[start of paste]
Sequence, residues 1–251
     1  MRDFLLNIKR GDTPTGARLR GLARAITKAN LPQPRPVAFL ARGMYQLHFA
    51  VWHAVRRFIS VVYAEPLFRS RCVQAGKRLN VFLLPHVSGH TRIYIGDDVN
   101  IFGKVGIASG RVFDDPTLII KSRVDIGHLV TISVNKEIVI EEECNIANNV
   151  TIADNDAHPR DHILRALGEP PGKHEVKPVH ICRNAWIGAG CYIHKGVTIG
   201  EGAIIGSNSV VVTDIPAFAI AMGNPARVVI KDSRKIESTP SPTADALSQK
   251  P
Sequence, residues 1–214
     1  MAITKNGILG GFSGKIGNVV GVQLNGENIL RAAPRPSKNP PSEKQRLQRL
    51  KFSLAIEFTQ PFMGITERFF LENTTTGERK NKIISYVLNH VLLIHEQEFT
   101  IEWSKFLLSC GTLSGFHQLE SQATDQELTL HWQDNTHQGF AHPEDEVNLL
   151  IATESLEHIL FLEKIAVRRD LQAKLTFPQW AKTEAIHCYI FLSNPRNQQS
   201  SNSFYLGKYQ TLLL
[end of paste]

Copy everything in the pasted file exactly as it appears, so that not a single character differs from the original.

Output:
Sequence, residues 1–251
     1  MRDFLLNIKR GDTPTGARLR GLARAITKAN LPQPRPVAFL ARGMYQLHFA
    51  VWHAVRRFIS VVYAEPLFRS RCVQAGKRLN VFLLPHVSGH TRIYIGDDVN
   101  IFGKVGIASG RVFDDPTLII KSRVDIGHLV TISVNKEIVI EEECNIANNV
   151  TIADNDAHPR DHILRALGEP PGKHEVKPVH ICRNAWIGAG CYIHKGVTIG
   201  EGAIIGSNSV VVTDIPAFAI AMGNPARVVI KDSRKIESTP SPTADALSQK
   251  P
Sequence, residues 1–214
     1  MAITKNGILG GFSGKIGNVV GVQLNGENIL RAAPRPSKNP PSEKQRLQRL
    51  KFSLAIEFTQ PFMGITERFF LENTTTGERK NKIISYVLNH VLLIHEQEFT
   101  IEWSKFLLSC GTLSGFHQLE SQATDQELTL HWQDNTHQGF AHPEDEVNLL
   151  IATESLEHIL FLEKIAVRRD LQAKLTFPQW AKTEAIHCYI FLSNPRNQQS
   201  SNSFYLGKYQ TLLL